- 1.2 Why?
- 1.3 Our experience feedback
- 1.4 Transparency and Confidentiality
- 1.5 Writing Conventions
- 1.6 About the author
2. Our platform, our project
- 2.1 Our applications
- 2.2 6play: frontend, back and videos
- 2.3 An aging infrastructure
- 2.4 The future is coming
- 2.5 The DevOps team
- 2.6 A public cloud, Kubernetes
- 2.7 It was a bit fuzzy!
- 2.8 In summary
3. Discovering The Cloud and Kubernetes
- 3.1 Why “The Cloud”?
- 3.2 GCP, AWS, …
- 3.3 Kubernetes
- 3.4 Kubernetes on GCP and AWS?
- 3.5 At what cost?
- 3.6 First Migration Plan
- 3.7 In summary
4. The Copenhagen Initiative
- 4.1 Achieving perfection?
- 4.2 KubeCon 2018
- 4.3 YOLO!
- 4.4 Back down to Earth
5. Our AWS setup
- 5.1 Introduction
- 5.2 Regions, zones, HA
- 5.3 Separate AWS accounts
- 5.4 Identification and AssumeRole
- 5.5 The principle: SSO, identification and roles
- 5.6 IaaS and IaC
- 5.7 The network
- 5.8 In summary
6. Our Kubernetes setup
- 6.1 Introduction
- 6.2 EKS
- 6.3 kops
- 6.4 A first cluster
- 6.5 Additional components
- 6.6 Auto-scaling of pods
- 6.7 System Metrics
- 6.8 In summary
7. A first migration
- 7.1 Introduction
- 7.2 The plan
- 7.3 A simple application
- 7.4 The poor’s man CI/CD
- 7.5 Securing the switchover with haproxy
- 7.6 Finish the switchover?
- 7.7 In summary
8. The beginning of the problems
- 8.1 Introduction: in production, but…
- 8.2 Our starting tools
- 8.3 Logging, monitoring and alerting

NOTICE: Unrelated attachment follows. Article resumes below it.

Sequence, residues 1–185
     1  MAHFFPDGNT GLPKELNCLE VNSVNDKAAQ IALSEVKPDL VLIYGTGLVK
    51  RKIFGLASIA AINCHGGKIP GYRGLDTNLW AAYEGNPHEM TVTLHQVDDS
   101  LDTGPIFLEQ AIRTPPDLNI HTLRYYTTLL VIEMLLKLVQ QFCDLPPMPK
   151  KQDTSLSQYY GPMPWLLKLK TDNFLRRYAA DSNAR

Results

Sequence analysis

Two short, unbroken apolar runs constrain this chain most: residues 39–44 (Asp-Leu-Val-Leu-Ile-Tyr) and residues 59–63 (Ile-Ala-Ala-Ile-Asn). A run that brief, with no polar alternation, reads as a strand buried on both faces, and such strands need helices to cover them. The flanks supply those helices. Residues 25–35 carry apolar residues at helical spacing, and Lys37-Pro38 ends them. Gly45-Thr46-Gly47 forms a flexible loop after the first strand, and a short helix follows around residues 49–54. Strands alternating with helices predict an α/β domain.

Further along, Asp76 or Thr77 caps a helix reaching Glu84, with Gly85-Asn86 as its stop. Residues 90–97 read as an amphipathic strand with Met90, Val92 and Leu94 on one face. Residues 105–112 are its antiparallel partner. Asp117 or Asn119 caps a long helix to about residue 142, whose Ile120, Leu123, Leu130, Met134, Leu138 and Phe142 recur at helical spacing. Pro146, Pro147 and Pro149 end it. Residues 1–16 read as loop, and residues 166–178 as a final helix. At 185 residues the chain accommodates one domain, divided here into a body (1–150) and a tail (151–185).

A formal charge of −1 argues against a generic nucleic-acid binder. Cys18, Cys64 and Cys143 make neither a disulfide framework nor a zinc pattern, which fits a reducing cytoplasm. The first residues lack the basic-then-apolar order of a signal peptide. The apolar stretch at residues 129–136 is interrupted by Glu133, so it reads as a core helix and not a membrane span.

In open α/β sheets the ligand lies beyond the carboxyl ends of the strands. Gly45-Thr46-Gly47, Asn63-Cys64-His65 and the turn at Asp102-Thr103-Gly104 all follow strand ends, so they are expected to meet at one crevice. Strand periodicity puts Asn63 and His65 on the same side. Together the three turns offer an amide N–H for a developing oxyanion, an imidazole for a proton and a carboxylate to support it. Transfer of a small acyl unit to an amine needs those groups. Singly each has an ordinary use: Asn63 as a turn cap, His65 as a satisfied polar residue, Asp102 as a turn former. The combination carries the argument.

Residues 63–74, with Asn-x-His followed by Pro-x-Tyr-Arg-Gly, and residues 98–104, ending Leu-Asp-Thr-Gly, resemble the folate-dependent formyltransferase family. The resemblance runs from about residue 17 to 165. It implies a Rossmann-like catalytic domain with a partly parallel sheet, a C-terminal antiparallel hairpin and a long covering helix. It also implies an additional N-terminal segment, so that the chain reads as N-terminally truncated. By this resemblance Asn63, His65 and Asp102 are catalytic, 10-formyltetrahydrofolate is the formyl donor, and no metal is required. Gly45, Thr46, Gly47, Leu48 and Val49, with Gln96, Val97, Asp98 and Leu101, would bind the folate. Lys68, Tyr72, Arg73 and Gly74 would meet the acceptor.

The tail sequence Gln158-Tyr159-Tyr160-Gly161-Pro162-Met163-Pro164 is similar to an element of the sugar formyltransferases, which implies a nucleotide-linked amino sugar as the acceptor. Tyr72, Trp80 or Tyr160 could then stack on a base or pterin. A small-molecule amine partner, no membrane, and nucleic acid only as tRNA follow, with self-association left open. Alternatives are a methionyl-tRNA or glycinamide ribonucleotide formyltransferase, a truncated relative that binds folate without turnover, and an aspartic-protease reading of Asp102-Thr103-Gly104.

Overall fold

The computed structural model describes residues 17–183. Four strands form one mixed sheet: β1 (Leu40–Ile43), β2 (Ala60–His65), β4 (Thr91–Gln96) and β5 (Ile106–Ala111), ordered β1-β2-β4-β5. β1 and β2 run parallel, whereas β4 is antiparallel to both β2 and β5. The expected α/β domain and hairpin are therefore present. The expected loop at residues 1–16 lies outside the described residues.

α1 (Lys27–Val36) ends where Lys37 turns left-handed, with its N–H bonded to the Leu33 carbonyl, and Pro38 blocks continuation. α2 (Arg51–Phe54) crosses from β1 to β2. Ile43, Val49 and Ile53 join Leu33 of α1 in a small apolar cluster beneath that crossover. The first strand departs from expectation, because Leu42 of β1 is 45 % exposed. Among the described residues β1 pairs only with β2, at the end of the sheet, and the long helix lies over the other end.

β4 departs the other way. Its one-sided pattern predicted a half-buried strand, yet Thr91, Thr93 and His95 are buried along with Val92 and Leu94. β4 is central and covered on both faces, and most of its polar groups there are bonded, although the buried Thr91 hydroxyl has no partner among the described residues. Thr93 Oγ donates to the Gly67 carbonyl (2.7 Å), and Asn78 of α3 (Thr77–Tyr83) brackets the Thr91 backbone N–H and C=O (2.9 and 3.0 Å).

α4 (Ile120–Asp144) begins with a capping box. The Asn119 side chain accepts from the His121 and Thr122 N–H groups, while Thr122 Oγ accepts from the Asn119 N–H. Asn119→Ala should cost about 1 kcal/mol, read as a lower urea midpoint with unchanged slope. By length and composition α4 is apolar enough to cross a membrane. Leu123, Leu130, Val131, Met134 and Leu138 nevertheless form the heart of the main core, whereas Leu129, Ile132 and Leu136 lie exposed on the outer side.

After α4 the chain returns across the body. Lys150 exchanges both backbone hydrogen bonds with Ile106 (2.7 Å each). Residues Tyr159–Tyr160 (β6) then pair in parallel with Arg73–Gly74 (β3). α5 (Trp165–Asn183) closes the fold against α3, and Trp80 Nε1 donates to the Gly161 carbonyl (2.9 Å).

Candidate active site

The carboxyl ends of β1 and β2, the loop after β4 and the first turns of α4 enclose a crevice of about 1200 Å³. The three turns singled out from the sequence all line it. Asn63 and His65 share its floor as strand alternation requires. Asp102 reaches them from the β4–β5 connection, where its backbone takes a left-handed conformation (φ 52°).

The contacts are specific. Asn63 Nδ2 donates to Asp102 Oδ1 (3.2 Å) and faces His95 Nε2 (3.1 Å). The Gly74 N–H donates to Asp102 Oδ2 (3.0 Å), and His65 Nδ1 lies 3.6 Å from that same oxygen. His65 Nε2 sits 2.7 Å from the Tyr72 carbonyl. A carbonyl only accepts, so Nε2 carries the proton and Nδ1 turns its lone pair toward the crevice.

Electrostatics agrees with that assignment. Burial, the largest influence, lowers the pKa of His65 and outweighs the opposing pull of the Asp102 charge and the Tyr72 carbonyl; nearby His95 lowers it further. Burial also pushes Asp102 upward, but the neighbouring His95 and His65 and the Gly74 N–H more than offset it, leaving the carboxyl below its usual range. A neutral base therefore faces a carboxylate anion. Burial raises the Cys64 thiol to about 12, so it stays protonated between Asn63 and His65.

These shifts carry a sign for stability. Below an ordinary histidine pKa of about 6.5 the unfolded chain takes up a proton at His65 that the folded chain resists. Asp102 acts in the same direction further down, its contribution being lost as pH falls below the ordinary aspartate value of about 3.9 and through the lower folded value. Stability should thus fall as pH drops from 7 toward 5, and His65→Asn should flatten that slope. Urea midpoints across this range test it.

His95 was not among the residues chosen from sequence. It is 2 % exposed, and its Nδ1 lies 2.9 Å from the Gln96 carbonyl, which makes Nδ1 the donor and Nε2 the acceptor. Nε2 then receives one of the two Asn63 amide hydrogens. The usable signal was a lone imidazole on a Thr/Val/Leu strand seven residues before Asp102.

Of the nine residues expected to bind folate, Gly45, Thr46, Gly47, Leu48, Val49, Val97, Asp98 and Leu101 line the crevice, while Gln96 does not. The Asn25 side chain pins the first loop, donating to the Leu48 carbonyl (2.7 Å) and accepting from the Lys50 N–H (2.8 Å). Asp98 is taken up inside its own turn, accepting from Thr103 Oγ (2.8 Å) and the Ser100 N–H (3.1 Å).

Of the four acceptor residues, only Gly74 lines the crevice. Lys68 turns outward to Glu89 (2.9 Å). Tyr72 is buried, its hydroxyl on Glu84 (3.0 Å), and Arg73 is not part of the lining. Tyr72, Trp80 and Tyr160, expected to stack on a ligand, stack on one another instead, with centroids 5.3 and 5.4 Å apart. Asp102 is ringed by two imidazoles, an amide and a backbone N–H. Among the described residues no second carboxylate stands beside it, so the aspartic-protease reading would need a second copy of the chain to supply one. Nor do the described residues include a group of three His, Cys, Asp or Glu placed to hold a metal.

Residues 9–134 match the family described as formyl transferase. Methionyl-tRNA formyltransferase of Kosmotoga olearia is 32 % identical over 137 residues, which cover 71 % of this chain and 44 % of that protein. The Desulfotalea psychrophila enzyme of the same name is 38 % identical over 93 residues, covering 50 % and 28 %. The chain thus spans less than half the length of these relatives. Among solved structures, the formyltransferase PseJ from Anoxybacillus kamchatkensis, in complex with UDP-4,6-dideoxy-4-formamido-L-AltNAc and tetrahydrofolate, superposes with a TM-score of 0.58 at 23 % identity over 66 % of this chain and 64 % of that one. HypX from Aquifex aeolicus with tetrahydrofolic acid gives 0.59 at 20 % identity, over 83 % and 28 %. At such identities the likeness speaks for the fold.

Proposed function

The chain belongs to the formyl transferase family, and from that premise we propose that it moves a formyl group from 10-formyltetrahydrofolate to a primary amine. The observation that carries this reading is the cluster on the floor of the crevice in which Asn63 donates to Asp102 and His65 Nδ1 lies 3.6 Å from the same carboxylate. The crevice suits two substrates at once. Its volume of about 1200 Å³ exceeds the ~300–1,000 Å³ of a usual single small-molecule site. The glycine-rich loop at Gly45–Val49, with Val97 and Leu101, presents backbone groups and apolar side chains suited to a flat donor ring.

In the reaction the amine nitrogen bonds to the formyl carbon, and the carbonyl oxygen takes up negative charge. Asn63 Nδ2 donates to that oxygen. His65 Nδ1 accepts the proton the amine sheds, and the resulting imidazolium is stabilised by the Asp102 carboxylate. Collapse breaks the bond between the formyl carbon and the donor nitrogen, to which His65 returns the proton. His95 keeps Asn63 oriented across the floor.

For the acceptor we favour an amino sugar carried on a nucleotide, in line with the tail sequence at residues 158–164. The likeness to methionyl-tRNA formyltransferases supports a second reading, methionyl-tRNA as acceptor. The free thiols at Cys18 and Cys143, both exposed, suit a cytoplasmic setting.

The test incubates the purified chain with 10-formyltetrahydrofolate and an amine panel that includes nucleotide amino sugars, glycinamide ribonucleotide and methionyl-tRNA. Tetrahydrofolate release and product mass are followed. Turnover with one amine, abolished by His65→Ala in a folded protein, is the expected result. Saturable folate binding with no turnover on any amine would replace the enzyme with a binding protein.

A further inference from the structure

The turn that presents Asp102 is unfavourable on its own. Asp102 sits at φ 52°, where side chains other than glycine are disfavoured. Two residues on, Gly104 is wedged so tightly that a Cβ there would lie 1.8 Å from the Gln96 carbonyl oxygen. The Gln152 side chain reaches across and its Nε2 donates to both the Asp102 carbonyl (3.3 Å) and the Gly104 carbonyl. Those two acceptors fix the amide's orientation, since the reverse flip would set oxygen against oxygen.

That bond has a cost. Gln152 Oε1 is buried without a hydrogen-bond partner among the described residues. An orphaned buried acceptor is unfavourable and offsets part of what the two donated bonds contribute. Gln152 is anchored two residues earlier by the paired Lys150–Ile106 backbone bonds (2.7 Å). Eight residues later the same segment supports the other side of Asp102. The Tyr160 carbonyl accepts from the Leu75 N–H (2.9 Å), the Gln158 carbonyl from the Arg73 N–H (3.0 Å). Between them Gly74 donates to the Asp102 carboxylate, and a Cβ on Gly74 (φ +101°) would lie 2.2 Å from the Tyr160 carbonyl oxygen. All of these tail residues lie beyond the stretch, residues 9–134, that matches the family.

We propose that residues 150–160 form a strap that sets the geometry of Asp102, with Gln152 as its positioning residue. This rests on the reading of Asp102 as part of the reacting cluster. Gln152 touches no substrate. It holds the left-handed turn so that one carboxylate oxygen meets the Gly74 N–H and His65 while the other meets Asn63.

- 8.4 Some problems: real cases!
- 8.5 Nodes that restart whenever
- 8.6 A lack of audit
- 8.7 Some “concerns”
- 8.8 Working in / with The Cloud
- 8.9 In summary
9. A first phase of stabilization
- 9.1 Introduction
- 9.2 The AWS setup
- 9.3 Tags for AWS resources
- 9.4 Cluster Kubernetes (kops)
- 9.5 Applications and their infrastructure
- 9.6 Monitoring, alerting
- 9.7 The documentation
- 9.8 In summary
10. Cloud Native projects
- 10.1 Introduction
- 10.2 Cloud Native?
- 10.3 How is it really going?
- 10.4 The .cloud directory
- 10.5 Some examples
- 10.6 What impacts?
- 10.7 In summary
11. Let’s migrate all our applications!
- 11.1 Introduction
- 11.2 Migrating applications?
- 11.3 An API to know the time
- 11.4 Image storage and thumbnail generation
- 11.5 The Events Collector
- 11.6 Our Catalog API
- 11.7 User Preferences
- 11.8 The Web Front
- 11.9 Backoffices
- 11.10 It’s a lot of work!
- 11.11 In summary
- 12. TODO - A second phase of stabilization
- 13. TODO - CI, CD and previews
14. Tracking consumption and costs
- 14.1 Introduction
- 14.2 Costs, in our context
- 14.3 Some theory and first steps
- 14.4 Improvements we made
- 14.5 Any other ideas for the future?
- 14.6 In summary
15. The development environment
- 15.1 Introduction
- 15.2 What were we starting with
- 15.3 During our migration…
- 15.4 And then
- 15.5 In summary
- Help me!
- Some interesting reading
The Leanpub 60-day 100% Happiness Guarantee
Within 60 days of purchase you can get a 100% refund on any Leanpub purchase, in two clicks.
See full terms
80% Royalties. Earn $16 on a $20 book.
We pay 80% royalties. That's not a typo: you earn $16 on a $20 sale. If we sell 5000 non-refunded copies of your book or course for $20, you'll earn $80,000.
(Yes, some authors have already earned much more than that on Leanpub.)
In fact, authors have earnedover $12 millionwriting, publishing and selling on Leanpub.
Learn more about writing on Leanpub
Free Updates. DRM Free.
If you buy a Leanpub book, you get free updates for as long as the author updates the book! Many authors use Leanpub to publish their books in-progress, while they are writing them. All readers get free updates, regardless of when they bought the book or how much they paid (including free).
Most Leanpub books are available in PDF (for computers) and EPUB (for phones, tablets and Kindle). The formats that a book includes are shown at the top right corner of this page.
Finally, Leanpub books don't have any DRM copy-protection nonsense, so you can easily read them on any supported device.
Learn more about Leanpub's ebook formats and where to read them